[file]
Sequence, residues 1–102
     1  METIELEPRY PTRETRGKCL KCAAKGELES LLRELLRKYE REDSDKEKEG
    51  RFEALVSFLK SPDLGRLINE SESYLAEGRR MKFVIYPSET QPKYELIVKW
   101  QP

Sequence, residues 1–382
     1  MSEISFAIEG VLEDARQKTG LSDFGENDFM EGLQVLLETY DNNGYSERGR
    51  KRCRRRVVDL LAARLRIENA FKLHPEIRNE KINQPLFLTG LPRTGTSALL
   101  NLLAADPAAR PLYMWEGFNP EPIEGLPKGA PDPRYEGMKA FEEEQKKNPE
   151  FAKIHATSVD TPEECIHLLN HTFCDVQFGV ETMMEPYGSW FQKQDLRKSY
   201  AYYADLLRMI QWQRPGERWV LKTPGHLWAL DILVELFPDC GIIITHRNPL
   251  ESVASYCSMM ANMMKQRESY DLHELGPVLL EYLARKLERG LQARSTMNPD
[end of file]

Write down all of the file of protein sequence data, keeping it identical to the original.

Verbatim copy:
Sequence, residues 1–102
     1  METIELEPRY PTRETRGKCL KCAAKGELES LLRELLRKYE REDSDKEKEG
    51  RFEALVSFLK SPDLGRLINE SESYLAEGRR MKFVIYPSET QPKYELIVKW
   101  QP

Sequence, residues 1–382
     1  MSEISFAIEG VLEDARQKTG LSDFGENDFM EGLQVLLETY DNNGYSERGR
    51  KRCRRRVVDL LAARLRIENA FKLHPEIRNE KINQPLFLTG LPRTGTSALL
   101  NLLAADPAAR PLYMWEGFNP EPIEGLPKGA PDPRYEGMKA FEEEQKKNPE
   151  FAKIHATSVD TPEECIHLLN HTFCDVQFGV ETMMEPYGSW FQKQDLRKSY
   201  AYYADLLRMI QWQRPGERWV LKTPGHLWAL DILVELFPDC GIIITHRNPL
   251  ESVASYCSMM ANMMKQRESY DLHELGPVLL EYLARKLERG LQARSTMNPD